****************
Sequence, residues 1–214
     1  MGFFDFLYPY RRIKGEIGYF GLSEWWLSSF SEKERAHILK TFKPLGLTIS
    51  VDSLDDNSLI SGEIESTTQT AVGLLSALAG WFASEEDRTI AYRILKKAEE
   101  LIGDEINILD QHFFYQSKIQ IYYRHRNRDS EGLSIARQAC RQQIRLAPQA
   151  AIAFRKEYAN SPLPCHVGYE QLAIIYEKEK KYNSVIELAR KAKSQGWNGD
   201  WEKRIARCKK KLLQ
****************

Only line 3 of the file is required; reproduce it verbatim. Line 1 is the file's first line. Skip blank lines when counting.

    51  VDSLDDNSLI SGEIESTTQT AVGLLSALAG WFASEEDRTI AYRILKKAEE